7 October 2022

The Changing of the Guard

Have markets lost faith in Liz Truss and her new conservative government? Brian Tora provides his insight.

Well, no one can accuse markets of being in the doldrums of late. The last two weeks have encompassed a myriad of changes, including the pound hitting an all-time low and Gilts – or British Government Securities – requiring a bail out from the Bank of England to avoid a collapse in our pensions industry. I last encountered severe upsets on this scale nearly 50 years ago, but then I really am that old.

Focussing on the future, which is what I had hoped to do, is all well and good if you understand what the policy makers are likely to be up to. But the occupants of numbers 10 and 11 Downing Street have changed and possess a dramatically different view on how best to manage the economy compared with their predecessors. Indeed, Chancellor Kwarteng’s so-called mini budget really tore up any conceptions we might have had on how Conservative governments might behave.

Markets, understandably, were spooked by the approach taken and, while the reversal of the most controversial measure may have calmed things, there is much nervousness about. Fifty years ago, Conservative Chancellor Anthony Barber tried a similar growth strategy at a time of rising inflation – driven again by higher oil prices. It failed and was followed by two successive defeats for the Tory party at the polls. This lesson of political history must weigh on our new Prime Minister.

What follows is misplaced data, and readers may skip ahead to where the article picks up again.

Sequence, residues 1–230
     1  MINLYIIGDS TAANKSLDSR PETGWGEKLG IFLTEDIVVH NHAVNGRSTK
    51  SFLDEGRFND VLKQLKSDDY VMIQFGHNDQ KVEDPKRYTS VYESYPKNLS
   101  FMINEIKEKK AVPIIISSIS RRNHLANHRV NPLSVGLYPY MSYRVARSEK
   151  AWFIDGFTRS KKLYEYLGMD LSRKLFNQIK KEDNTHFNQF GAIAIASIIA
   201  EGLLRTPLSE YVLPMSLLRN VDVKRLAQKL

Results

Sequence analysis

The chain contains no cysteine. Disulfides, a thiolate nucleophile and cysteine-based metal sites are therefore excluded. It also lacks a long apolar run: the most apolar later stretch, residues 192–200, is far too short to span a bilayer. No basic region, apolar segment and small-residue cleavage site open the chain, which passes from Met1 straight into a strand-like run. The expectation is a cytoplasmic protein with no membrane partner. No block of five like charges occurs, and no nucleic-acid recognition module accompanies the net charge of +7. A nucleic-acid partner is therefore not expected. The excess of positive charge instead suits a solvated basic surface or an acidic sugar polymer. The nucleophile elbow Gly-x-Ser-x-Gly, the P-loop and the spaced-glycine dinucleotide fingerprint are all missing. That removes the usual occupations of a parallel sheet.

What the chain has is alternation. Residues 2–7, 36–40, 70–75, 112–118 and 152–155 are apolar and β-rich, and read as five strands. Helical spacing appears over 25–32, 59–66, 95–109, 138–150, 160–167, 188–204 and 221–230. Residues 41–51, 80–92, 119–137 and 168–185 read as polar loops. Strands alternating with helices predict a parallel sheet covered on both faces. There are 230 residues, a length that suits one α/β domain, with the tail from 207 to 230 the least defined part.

That said, our benchmark FTSE 100 Share Index initially shrugged off a disappointing start to the week (it was more than 1% down on Monday at one stage) to build a useful recovery which brought it back over 7000. The more domestically focussed 250 Index even got off to a stronger start as the week progressed. Both were helped by a strong performance on Wall Street, but the more conventional approach being taken by the government helped, given the turnaround in sterling’s fortunes. Unfortunately the confidence was short-lived, with our major indices in retreat by the middle of the week.

But a global recession remains a dark cloud on the horizon. Most commentators expect the US to dip into negative territory, given the hawkish attitude of the Federal Reserve Bank. The question is, how deep? And will it derail Liz Truss’s plans? Perhaps more important, will a Bank of England determined to defeat inflation through much higher interest rates drive us into recession anyway? The future, as always, is concealed from us.

Brian Tora                                                                          

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